A visitor to a city is a ghost of himself, ghosting those who live and work there, his feet landing on the pavement as surely as theirs, his body filling space in trains, in parks, in bars, but only temporarily. If he's a bit actor, an extra, than so is the city itself a kind of movie set, navigated through without glimpses of the lives behind building facades. "A good traveler has no fixed plans and is not intent on arriving," wrote Lao-Tzu in the sixth century BC, which is precisely what differentiates me on the train from the riders who fret over being late for work, their second job, an interview, or to pick up their kids. For a traveler, arrival means not stasis—I'm here for a while—but the promise of movement—I'll have to leave soon. Arriving in a city with few fixed plans is one of the rights, and pleasures, of the traveler, but he can't claim that he's really experienced the city when his plans are few and his arrivals brief.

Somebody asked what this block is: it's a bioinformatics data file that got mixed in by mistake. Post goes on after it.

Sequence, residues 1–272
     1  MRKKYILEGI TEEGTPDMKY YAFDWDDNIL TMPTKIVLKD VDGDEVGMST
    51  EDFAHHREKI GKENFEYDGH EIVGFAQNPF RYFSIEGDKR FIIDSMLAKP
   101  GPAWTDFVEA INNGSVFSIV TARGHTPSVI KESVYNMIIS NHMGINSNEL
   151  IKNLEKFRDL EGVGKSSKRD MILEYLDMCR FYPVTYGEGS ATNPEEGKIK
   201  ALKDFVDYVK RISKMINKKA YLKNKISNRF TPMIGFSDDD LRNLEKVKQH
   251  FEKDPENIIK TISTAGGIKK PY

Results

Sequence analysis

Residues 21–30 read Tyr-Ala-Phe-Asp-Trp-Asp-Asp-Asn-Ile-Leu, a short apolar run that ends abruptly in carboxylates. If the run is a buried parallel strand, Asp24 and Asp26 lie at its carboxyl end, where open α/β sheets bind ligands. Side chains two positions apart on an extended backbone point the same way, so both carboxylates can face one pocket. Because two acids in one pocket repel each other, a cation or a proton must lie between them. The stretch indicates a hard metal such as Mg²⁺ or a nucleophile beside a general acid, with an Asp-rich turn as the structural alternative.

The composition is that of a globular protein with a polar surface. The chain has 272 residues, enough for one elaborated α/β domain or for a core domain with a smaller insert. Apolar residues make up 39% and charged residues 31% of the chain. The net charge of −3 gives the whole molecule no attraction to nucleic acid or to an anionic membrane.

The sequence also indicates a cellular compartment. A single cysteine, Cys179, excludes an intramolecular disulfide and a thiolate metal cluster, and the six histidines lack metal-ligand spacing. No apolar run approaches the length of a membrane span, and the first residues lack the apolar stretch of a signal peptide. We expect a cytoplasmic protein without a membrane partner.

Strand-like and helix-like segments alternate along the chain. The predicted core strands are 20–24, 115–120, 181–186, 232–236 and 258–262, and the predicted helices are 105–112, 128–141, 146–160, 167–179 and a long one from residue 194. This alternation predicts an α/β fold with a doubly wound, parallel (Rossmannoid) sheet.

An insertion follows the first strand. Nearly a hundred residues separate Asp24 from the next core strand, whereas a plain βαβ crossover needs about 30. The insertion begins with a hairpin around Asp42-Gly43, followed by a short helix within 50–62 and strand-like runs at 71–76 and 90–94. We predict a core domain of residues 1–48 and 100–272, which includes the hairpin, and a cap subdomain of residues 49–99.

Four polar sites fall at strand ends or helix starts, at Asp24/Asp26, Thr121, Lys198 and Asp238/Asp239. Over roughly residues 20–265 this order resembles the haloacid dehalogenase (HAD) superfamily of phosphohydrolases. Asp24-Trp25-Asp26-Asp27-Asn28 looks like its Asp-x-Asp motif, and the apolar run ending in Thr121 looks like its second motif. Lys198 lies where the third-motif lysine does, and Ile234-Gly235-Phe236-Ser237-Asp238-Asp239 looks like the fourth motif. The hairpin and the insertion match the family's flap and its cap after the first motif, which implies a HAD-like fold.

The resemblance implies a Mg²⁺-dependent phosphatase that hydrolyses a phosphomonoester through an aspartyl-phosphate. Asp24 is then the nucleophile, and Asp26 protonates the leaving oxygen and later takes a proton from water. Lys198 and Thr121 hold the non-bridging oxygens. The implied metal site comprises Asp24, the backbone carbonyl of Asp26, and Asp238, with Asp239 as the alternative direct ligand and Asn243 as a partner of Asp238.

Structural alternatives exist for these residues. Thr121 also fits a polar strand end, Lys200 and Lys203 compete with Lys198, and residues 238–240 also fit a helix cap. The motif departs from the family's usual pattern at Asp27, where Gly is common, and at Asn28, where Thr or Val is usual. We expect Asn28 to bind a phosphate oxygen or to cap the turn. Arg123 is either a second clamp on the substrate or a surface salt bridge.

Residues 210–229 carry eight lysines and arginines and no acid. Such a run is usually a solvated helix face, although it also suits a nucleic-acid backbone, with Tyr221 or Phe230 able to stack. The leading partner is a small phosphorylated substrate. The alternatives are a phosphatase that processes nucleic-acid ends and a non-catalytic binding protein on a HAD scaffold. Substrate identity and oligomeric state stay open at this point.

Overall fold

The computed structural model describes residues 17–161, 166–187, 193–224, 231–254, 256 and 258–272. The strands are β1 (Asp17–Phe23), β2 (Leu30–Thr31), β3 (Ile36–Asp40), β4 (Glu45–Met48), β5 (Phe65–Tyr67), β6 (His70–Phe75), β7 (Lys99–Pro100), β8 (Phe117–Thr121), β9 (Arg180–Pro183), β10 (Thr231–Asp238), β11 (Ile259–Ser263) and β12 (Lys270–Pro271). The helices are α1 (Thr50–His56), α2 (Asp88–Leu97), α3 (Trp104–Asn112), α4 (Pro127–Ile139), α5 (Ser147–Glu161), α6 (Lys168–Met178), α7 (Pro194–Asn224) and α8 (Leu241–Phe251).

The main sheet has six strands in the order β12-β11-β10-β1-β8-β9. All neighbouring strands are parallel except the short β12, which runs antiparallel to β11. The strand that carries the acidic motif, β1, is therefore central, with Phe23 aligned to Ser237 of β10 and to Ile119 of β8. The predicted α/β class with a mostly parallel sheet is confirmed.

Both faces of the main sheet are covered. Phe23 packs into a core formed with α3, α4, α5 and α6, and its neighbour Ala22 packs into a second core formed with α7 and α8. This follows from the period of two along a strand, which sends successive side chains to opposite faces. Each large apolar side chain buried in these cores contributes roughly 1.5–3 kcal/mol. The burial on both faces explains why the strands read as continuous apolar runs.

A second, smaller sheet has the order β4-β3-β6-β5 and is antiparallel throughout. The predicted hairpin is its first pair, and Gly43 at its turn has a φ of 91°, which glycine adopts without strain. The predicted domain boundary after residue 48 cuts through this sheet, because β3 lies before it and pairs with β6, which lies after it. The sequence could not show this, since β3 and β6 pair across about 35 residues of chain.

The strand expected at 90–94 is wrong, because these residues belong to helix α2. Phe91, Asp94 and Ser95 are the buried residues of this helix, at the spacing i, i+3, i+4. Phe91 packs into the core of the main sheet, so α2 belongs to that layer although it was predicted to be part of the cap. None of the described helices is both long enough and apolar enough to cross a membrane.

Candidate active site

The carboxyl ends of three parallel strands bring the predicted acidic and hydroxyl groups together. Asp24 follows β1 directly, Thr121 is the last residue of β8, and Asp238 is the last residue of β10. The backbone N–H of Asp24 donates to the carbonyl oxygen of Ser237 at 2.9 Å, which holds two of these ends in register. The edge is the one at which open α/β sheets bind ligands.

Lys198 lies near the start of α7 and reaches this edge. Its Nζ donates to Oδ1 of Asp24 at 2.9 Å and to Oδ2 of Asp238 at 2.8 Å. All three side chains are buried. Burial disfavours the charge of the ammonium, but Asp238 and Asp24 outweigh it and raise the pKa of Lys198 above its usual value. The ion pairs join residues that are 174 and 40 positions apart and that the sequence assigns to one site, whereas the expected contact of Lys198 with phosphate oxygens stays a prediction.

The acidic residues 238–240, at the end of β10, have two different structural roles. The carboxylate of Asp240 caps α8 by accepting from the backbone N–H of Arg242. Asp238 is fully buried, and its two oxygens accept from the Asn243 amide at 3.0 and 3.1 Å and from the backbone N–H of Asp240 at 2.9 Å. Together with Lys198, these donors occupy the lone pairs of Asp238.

On the F Train in Brooklyn, pulling into the 4th Avenue station in Gowanus after gliding through the currently-rehabbing Smith Street Station. How do others see this view? The landscape and cityscape blinking in late afternoon sun, the view across the water to Governor's Island and the piers, the chalky sky and towering, obstinate BQE, the backs of billboards, the nearness of anonymous windows, church steeples and industrial roofs, water towers and graffiti, red brick alight—it's all urban gorgeous to me, in its blight. But I don't live here. I romanticize here, I see here in bits and pieces of my choosing, can leave here when I wish, though it's often before I wish. This view to those who stay? Colors, textures in a language I've yet to learn, and too often fool myself into believing would be easy to pick up.